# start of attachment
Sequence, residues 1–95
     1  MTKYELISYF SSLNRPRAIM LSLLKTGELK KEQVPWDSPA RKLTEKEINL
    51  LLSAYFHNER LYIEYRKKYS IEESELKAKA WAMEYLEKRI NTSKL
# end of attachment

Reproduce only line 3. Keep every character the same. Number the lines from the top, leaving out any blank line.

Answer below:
    51  LLSAYFHNER LYIEYRKKYS IEESELKAKA WAMEYLEKRI NTSKL